sun 19/11/2017

Of Kith and Kin, Bush Theatre, review - comic but confused gay surrogacy drama | reviews, news & interviews

Of Kith and Kin, Bush Theatre, review - comic but confused gay surrogacy drama

Of Kith and Kin, Bush Theatre, review - comic but confused gay surrogacy drama

New play about gay parenthood suffers from an identity crisis

Who’s the daddy?: James Lance and Joshua Silver in ‘Of Kith and Kin’.Helen Murray

A new baby is like an alien invasion: it blows your mind and it colonises your world. For any couple, parenthood can be both exalting and devastating, with the stress hugging the relationship so tightly that eventually all its lies pop out. In his new play, which opened tonight at the Bush Theatre, Chris Thompson takes this idea and chucks it at a broody gay couple and their surrogate mother: Daniel, a 46-year-old lawyer, and his husband Oliver, a 32-year-old freelancer, are having a baby with their best friend, Priya.

As the story begins in their classy Shadwell flat, Priya is due any day, and the three of them are having a baby shower, and playing game of pin the sperm onto the egg, followed by an equally hilarious session on the Wii. Their party is interrupted by Lydia, Daniel’s mother, who of course is Oliver’s mother-in-law. True to form, he’s not keen on her at all, and provokes a confrontation which spirals out of control. As a result, Daniel, Oliver and Priya end up in a family session at a local magistrates court with a custody battle on their hands. The repercussions make up the rest of the twisting plot.

What are the rights of the surrogate mother?

Numerous issues are aired: given that the egg was from a donor and the sperm was a mixture from both Daniel and Oliver, whose baby is it? What are the competing rights of the surrogate mother, and how do they compare with those of the men? Who deserves to have custody: the woman who carried the baby for nine months, or the men who have the money and the time to look after it? Thompson complicates the conflict by showing that Daniel has a violent temper, like his wife-beating brother, and shows how this might be a result of both nature and nurture. The playwright also asks whether this compromises Daniel’s desire to have a baby.

Into this initially witty comedy of manners, Thompson also throws more family tensions. For example, Daniel is the godfather to Priya’s teen son, Sammy, and this becomes an important plot point in the developing argument. There’s a lot of psychological brinkmanship, but the piece’s overall uncertainty of tone, and its rather repetitive nature, militates against some of the pleasure of the conflict. Also, the lengthy courtroom scene, which features an unconvincingly larky judge, strikes a dissonant note in an otherwise realistic conflict.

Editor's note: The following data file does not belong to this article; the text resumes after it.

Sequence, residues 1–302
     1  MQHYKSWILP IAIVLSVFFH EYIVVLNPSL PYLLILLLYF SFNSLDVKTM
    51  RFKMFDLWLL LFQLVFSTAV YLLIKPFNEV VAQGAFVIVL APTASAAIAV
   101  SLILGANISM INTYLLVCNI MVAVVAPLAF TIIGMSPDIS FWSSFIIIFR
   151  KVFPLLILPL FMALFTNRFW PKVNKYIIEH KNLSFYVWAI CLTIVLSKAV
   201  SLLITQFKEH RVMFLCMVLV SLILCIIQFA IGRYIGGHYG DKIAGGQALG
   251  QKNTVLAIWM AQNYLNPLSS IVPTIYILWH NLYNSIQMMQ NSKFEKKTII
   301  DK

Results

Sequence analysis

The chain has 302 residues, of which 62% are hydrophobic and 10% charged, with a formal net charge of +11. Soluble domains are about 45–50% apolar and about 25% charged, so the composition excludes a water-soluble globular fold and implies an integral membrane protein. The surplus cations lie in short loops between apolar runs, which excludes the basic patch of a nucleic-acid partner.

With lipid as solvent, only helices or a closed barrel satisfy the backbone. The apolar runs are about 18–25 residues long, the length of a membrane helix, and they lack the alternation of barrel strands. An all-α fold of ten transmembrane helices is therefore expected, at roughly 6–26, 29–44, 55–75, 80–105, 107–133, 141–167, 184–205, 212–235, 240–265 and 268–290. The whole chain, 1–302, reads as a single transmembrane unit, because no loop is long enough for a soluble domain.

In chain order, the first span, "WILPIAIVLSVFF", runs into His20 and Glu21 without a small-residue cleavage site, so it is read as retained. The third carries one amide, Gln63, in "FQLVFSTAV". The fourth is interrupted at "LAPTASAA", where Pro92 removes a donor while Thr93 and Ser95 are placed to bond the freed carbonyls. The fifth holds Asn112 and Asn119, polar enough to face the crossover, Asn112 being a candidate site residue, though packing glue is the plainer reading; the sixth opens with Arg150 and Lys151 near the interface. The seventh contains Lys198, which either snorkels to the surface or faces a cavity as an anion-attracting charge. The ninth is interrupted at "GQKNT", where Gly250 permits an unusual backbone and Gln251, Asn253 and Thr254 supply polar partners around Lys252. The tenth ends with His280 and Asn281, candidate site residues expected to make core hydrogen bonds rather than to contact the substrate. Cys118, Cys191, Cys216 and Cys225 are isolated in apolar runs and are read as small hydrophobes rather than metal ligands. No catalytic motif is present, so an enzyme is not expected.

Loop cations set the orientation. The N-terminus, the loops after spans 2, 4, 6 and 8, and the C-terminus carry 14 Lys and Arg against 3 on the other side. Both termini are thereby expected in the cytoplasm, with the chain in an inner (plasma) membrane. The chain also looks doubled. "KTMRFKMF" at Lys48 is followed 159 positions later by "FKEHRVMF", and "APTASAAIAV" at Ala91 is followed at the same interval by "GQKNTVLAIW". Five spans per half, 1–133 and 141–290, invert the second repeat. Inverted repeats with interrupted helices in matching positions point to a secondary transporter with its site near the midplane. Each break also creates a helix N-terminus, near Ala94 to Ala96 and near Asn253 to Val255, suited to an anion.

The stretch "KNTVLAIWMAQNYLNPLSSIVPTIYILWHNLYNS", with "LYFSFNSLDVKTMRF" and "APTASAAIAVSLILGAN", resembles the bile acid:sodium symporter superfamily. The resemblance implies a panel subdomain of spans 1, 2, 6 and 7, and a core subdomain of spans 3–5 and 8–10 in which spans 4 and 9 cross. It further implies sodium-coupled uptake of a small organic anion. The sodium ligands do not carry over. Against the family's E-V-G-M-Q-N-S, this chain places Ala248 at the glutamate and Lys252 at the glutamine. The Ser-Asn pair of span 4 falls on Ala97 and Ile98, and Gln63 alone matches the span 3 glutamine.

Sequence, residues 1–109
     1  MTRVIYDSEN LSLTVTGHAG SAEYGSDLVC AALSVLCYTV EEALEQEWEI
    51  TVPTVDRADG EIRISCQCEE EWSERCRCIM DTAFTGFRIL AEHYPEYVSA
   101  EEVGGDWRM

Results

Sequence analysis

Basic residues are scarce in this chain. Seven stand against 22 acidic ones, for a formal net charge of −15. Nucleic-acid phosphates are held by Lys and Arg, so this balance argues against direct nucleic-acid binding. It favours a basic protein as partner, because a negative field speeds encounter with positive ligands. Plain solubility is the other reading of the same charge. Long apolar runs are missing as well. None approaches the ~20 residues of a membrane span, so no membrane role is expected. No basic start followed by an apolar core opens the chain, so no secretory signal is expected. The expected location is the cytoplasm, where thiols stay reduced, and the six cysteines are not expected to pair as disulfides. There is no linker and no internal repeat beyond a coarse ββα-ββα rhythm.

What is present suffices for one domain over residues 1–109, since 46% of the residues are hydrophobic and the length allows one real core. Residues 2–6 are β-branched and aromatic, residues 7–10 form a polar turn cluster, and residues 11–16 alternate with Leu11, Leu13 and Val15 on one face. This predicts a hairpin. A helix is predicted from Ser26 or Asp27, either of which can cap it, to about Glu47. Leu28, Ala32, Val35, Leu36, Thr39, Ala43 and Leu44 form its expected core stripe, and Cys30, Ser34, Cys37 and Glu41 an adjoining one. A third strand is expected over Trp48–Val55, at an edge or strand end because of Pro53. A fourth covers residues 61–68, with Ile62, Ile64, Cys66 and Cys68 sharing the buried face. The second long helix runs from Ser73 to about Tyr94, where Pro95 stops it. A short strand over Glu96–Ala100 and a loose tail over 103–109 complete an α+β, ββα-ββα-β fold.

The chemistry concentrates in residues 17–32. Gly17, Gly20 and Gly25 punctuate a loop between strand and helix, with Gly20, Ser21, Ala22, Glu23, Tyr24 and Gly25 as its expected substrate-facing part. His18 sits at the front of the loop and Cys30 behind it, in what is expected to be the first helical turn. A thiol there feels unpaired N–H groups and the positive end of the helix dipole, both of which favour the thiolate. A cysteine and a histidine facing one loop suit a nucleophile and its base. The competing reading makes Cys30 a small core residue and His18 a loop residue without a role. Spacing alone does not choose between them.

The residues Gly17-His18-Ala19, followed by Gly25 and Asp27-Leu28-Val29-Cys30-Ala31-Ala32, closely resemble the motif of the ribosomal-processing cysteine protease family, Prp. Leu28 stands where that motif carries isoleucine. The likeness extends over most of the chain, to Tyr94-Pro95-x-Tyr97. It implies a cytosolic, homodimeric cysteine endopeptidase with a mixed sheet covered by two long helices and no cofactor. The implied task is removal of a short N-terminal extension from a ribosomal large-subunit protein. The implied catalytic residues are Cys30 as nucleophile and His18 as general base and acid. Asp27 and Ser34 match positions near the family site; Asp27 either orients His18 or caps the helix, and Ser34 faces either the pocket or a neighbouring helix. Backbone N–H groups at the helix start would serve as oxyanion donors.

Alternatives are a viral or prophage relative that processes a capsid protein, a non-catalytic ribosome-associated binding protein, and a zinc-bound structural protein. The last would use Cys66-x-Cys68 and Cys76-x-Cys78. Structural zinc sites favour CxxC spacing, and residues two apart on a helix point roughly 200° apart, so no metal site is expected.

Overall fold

The story, which is clamorous with passionate if inconclusive discussions, is saturated with a gay sensibility which seems to be determined to reproduce all the angst of straight relationships: just as Daniel will do anything, it becomes painfully clear, to cling onto “his” baby, so Oliver seethes with resentment about his husband’s unromantic marriage proposal. All the miseries of banal married relations are perfectly repeated here. But what becomes increasingly annoying is the way that the play jumps from subject to subject, switching from comedy of manners to courtroom drama to a discussion of relationships and life choices.

Although these discussions tend to meander, and to lack conclusiveness, there’s a delicious and humorously mischievous spirt in this seriously grown-up story that longs to misbehave and cry out from the rooftops. Alas, it gets little chance to do so. Still, there’s a lot of fun to be had in Robert Hastie’s production, which has already been seen in Sheffield. On James Perkins’s elegant set, James Lance’s Daniel and Joshua Silver’s Oliver are neatly contrasted, each feeling a different kind of anguish. As Priya and Lydia, Chetna Pandya and Joanna Bacon (pictured above with Lance) deliver similarly truthful performances. Of Kith and Kin is no masterpiece, but it does have its entertaining moments.

The drama is saturated with a gay sensibility which seems determined to reproduce all the angst of straight relationships

rating

Editor Rating: 
3
Average: 3 (1 vote)

Share this article

Add comment

Subscribe to theartsdesk.com

Thank you for continuing to read our work on theartsdesk.com. For unlimited access to every article in its entirety, including our archive of more than 10,000 pieces, we're asking for £3.95 per month or £30 per year. We feel it's a very good deal, and hope you do too.

To take an annual subscription now simply click here.

And if you're looking for that extra gift for a friend or family member, why not treat them to a theartsdesk.com gift subscription?

newsletter

Get a weekly digest of our critical highlights in your inbox each Thursday!

Simply enter your email address in the box below

View previous newsletters